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The Battalion

The Student News Site of Texas A&M University - College Station

The Battalion

The Student News Site of Texas A&M University - College Station

The Battalion

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Texas A&M outfielder Jace Laviolette (17) robs a home run from Florida infielder Cade Kurland (4) in the top of the ninth inning during Texas A&M’s game against Florida at the NCAA Men’s College World Series at Charles Schwab Field in Omaha, Nebraska on Sunday, June 15, 2024. (Hannah Harrison/The Battalion)
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Seeking payback

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Photo by FILE

Saturday’s matchup against Mississippi State will be the third straight night game at Kyle Field. 

It’s been nearly a full calendar year, but the Texas A&M defense still vividly remembers then sophomore quarterback Nick Fitzgerald sprinting 74 yards on Mississippi State’s first offensive play from scrimmage in what began the Bulldogs 35-28 upset victory over the fourth-ranked Aggies.
“I’ve watched it a couple of times. It’s still lingering in our minds,” sophomore linebacker Tyrel Dodson said. “We’re all mad going into this game, and that’s how we’re going to play.”
Mississippi State comes to Kyle Field for a Saturday night kickoff to face an A&M team who is coming off a bye week after defeating Florida 19-17 in a physical back-and-forth slugfest on Oct. 14.
The Bulldogs (5-2, 2-2 SEC) are led by junior Fitzgerald, who gashed the A&M defense for 182 yards on the ground, 209 yards through the air and four total touchdowns last year. The 6-5, 230-pound dual-threat signal-caller presents a myriad of challenges for an Aggie defense that has been excellent in recent weeks.
“We know that we have our hands full with Nick Fitzgerald, so our main focus is to eliminate big plays, maintain gap integrity and play physical football,” Dodson said. “He’s so big, he’s fast and he’s the heart and soul of that entire Mississippi State team. We’ve got to bring it to him.”
A&M leads the nation with 28 sacks, while the Bulldogs have yielded the fewest sacks in the SEC to this point. A lot of that is due to Fitzgerald’s strength and mobility, but the Bulldogs also boast a big, physical offensive line that has allowed just three sacks through seven games.
Defensively, Mississippi State ranks third in the SEC in total defense. Last year the Bulldogs held Aggie running backs to 3.7 yards per carry and first-year defensive coordinator Todd Grantham will likely try to make A&M one-dimensional again this season.
“We already know that they’re going to try to stop the run game and make the quarterback make quick decisions,” said senior running back Keith Ford. “We’re ready for it, we already know what they’re going to do and we just have to execute our game plan.”­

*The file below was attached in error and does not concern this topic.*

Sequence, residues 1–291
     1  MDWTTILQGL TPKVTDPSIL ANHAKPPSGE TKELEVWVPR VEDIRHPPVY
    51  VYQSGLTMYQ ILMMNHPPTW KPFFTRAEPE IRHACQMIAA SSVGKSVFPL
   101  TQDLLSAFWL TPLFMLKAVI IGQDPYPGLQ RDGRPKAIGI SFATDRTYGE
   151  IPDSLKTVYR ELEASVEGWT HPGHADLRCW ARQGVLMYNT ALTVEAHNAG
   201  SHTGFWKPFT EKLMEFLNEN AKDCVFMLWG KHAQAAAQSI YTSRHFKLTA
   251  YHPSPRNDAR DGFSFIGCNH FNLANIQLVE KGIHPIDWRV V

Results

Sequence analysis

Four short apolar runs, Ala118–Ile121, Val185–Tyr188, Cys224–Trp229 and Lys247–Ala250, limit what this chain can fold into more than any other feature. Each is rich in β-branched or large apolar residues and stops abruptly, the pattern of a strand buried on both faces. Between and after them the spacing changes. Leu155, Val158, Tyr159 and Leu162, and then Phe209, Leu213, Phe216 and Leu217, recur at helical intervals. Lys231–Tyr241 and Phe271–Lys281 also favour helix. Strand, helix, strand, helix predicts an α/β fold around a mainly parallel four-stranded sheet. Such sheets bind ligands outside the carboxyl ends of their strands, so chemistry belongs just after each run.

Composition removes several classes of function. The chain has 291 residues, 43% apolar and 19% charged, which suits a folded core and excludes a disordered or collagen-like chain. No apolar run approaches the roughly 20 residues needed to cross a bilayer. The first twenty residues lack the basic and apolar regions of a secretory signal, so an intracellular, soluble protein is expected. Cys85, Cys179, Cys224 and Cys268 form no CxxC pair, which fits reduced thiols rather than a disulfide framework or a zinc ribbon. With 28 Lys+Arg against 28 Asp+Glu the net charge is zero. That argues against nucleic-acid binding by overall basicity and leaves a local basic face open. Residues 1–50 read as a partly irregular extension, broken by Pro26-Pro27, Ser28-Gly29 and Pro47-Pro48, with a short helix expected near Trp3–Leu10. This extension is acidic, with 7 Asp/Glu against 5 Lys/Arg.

If the Aggies (5-2, 3-1 SEC) struggle to get the ground game going, the pressure will be on freshman quarterback Kellen Mond, who is coming off a pedestrian 8-for-24, 180-yard performance against the Gators. He did gain a team-leading 52 rushing yards, though, and he might have to make plays with his legs again, if the Aggies are going to end.
Head coach Kevin Sumlin did announce at Tuesday’s press conference that redshirt freshman quarterback Nick Starkel, who had surgery to repair a fractured ankle he suffered against UCLA, will be available to backup Mond. Sumlin also said offensive tackle Keaton Sutherland should return after missing the Florida game with an appendectomy.
Getting back Sutherland, who has been one of the Aggies’ best offensive linemen this season, would be a valuable addition to a unit that was porous at times against Florida.
The Bulldogs have been up-and-down so far this season. They moved up to No. 17 in the AP poll after dismantling LSU in the third week of the season, but followed that up with back-to-back lopsided losses to Georgia and Auburn, only to rebound with two straight convincing victories.
“They’re extremely well-coached offensively, defensively and special teams wise they’ve blocked a lot of punts,” Sumlin said of MSU State. “They’re always going to have good team speed and be physical, so it’s going to be a really big challenge for us.”
The Aggies will hope to avoid the late-season struggles that have become common in recent years. They have put themselves in a good place in the SEC standings, but with games against Auburn and LSU still on the schedule, getting a win over the Bulldogs is crucial for A&M.
“I don’t know that we’ve been successful yet,” Sumlin said. “We’re just at midseason — there’s a lot of football to go.”
Kickoff between the Aggies and Bulldogs is scheduled for 6:15 p.m. and will be broadcast on ESPN.

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